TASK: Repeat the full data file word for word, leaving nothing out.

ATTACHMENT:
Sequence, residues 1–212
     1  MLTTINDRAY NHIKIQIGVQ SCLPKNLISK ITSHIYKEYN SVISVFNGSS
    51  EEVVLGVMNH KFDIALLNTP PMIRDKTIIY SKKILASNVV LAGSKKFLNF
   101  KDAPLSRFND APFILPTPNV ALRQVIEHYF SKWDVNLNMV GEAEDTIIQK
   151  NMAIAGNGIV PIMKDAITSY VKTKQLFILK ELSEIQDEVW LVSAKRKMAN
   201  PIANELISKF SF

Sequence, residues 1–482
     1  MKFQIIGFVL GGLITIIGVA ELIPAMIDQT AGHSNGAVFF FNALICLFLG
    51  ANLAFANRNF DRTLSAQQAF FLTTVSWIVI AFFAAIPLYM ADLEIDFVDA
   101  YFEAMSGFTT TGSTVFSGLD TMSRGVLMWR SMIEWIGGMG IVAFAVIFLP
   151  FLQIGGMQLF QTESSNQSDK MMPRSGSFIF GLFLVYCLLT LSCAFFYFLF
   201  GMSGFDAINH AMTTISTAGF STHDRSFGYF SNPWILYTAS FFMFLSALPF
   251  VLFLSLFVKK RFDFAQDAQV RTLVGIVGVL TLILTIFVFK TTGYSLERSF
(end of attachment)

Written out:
Sequence, residues 1–212
     1  MLTTINDRAY NHIKIQIGVQ SCLPKNLISK ITSHIYKEYN SVISVFNGSS
    51  EEVVLGVMNH KFDIALLNTP PMIRDKTIIY SKKILASNVV LAGSKKFLNF
   101  KDAPLSRFND APFILPTPNV ALRQVIEHYF SKWDVNLNMV GEAEDTIIQK
   151  NMAIAGNGIV PIMKDAITSY VKTKQLFILK ELSEIQDEVW LVSAKRKMAN
   201  PIANELISKF SF

Sequence, residues 1–482
     1  MKFQIIGFVL GGLITIIGVA ELIPAMIDQT AGHSNGAVFF FNALICLFLG
    51  ANLAFANRNF DRTLSAQQAF FLTTVSWIVI AFFAAIPLYM ADLEIDFVDA
   101  YFEAMSGFTT TGSTVFSGLD TMSRGVLMWR SMIEWIGGMG IVAFAVIFLP
   151  FLQIGGMQLF QTESSNQSDK MMPRSGSFIF GLFLVYCLLT LSCAFFYFLF
   201  GMSGFDAINH AMTTISTAGF STHDRSFGYF SNPWILYTAS FFMFLSALPF
   251  VLFLSLFVKK RFDFAQDAQV RTLVGIVGVL TLILTIFVFK TTGYSLERSF